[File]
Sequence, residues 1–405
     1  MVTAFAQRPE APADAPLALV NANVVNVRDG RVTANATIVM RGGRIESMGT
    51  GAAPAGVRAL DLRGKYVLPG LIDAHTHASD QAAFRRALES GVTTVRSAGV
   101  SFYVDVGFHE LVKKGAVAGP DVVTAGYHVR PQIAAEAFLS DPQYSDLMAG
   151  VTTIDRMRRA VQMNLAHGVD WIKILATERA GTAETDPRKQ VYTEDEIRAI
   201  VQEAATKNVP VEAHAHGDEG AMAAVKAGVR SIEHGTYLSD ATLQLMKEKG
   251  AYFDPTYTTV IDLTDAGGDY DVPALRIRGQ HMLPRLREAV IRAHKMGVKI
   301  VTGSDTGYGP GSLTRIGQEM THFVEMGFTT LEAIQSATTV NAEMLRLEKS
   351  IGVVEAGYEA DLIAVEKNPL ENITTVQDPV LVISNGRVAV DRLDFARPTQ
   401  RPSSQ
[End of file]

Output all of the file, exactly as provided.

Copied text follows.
Sequence, residues 1–405
     1  MVTAFAQRPE APADAPLALV NANVVNVRDG RVTANATIVM RGGRIESMGT
    51  GAAPAGVRAL DLRGKYVLPG LIDAHTHASD QAAFRRALES GVTTVRSAGV
   101  SFYVDVGFHE LVKKGAVAGP DVVTAGYHVR PQIAAEAFLS DPQYSDLMAG
   151  VTTIDRMRRA VQMNLAHGVD WIKILATERA GTAETDPRKQ VYTEDEIRAI
   201  VQEAATKNVP VEAHAHGDEG AMAAVKAGVR SIEHGTYLSD ATLQLMKEKG
   251  AYFDPTYTTV IDLTDAGGDY DVPALRIRGQ HMLPRLREAV IRAHKMGVKI
   301  VTGSDTGYGP GSLTRIGQEM THFVEMGFTT LEAIQSATTV NAEMLRLEKS
   351  IGVVEAGYEA DLIAVEKNPL ENITTVQDPV LVISNGRVAV DRLDFARPTQ
   401  RPSSQ